Consumer comfort ticks down but we’re still close to yearly highs

Market Realist

The Bloomberg Consumer Comfort Index

The Bloomberg Consumer Comfort Index is a weekly sentiment index that covers three critical variables:

  1. Respondents’ perception of the state of the economy
  2. Their evaluation of their personal finances
  3. Whether it’s a good time to purchase goods and services

The index is a random sample of data from 1,000 people collected through telephone interviews using relatively straightforward questions. Are the state of the economy, personal finances, and time to buy goods and services excellent, good, not so good, or poor? Since the index started in 1985, it has averaged 42, so “neutrality” isn’t necessarily 50. The highest reading the index ever recorded was +66.3 in early 2000. The index bottomed at 23 in 2009.

Note that the index was recently rescaled from a scale of -50 to 50 to a scale of 0 to 100.

Views of the economy are still highly negative

The report is on balance negative. This isn’t surprising, given that the index itself is below 50. But perceptions of the economy are highly negative, at 27% positive versus 73% negative. The perception of whether it’s a good time to buy is also highly negative, at 31% positive versus 69% negative. As to personal finances, the index was flat, at 51% positive versus 49% negative.

So when you ask consumers about the world around them, they tend to be more negative. But when you ask about their own personal situation, they’re more neutral.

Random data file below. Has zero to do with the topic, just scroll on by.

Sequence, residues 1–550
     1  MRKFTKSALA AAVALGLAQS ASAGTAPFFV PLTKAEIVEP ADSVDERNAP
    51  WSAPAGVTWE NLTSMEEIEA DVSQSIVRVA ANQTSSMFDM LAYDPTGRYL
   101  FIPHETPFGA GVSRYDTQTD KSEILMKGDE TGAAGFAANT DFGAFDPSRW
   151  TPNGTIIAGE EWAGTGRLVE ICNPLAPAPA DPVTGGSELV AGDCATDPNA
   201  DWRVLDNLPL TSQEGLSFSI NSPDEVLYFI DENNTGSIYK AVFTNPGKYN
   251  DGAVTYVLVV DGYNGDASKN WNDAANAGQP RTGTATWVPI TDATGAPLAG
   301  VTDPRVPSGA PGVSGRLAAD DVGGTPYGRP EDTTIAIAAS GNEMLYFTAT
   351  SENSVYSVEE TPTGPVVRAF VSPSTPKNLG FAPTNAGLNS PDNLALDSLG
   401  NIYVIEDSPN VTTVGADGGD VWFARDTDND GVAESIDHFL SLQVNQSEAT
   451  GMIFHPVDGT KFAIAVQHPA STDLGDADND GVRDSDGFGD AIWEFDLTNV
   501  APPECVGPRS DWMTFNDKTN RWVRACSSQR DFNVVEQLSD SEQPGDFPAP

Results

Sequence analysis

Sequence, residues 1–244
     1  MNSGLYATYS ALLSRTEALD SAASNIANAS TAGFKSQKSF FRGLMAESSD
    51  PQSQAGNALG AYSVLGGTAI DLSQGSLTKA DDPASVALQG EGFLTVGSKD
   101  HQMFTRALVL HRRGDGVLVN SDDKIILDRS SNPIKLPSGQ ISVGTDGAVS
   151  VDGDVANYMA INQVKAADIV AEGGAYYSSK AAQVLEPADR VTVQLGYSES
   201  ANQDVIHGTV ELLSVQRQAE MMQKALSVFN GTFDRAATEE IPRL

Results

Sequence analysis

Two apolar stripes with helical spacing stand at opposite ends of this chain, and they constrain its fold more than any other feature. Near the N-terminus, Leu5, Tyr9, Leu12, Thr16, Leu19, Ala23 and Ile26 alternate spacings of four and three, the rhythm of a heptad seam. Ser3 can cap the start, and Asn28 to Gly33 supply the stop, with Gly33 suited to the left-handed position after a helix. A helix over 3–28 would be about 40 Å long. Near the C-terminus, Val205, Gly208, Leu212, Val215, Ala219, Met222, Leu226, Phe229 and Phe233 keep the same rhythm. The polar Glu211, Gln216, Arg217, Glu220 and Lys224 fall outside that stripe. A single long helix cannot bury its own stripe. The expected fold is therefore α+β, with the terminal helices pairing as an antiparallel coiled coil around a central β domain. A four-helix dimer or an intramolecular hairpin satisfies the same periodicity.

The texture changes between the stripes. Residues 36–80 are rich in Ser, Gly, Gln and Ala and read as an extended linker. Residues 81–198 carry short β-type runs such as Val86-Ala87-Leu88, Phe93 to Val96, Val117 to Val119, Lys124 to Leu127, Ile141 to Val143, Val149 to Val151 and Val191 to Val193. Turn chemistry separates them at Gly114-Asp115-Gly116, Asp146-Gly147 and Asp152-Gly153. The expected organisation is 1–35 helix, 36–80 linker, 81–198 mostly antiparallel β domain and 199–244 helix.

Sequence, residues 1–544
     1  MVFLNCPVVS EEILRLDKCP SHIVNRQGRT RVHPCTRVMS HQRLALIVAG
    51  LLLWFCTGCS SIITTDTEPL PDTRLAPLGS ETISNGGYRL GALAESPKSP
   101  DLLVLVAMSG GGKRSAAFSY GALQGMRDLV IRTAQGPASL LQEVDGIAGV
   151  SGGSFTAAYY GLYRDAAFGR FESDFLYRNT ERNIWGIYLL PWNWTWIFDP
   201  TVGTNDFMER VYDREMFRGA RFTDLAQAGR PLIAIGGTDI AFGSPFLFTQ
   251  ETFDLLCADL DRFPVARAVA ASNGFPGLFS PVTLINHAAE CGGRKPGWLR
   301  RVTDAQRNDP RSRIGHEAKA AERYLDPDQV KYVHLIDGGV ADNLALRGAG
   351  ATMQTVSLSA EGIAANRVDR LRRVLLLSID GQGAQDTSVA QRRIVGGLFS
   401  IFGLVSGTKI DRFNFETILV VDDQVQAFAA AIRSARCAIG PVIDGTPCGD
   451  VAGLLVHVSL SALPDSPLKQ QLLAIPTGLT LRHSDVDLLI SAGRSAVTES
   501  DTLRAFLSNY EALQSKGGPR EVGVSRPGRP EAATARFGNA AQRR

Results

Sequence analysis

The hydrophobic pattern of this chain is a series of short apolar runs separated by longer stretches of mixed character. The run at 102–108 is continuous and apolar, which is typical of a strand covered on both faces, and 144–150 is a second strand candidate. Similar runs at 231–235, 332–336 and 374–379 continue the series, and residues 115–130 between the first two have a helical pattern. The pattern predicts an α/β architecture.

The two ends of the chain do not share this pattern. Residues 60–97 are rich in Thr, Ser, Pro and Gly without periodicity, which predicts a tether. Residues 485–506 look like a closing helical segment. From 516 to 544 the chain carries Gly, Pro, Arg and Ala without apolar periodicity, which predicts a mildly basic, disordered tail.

Implications for homebuilders

Consumer sentiment is a critical factor in risk-taking. In fact, KB Home (KBH) in a recent earnings conference call cited consumer confidence as a more important variable than interest rates.

Rising real estate prices had been driving increases in orders. However, order growth has been slipping for builders. Student loan debt remains a problem for the first-time homebuyer, but even the first-time homebuyer seems to be reappearing.  Given that the cost of renting is way higher than the cost of owning, a change in sentiment should cause a big spike in new orders.

Housing starts have been highly depressed since the real estate collapse. Even a marginal increase in demand should drive homebuilders forward. Specific homebuilder stocks that will be positively affected by changes in consumer sentiment include Lennar (LEN), PulteGroup (PHM), D.R. Horton (DHI), and Toll Brothers (TOL). You can also invest in the sector via an ETF like the SPDR S&P Homebuilders ETF (XHB).

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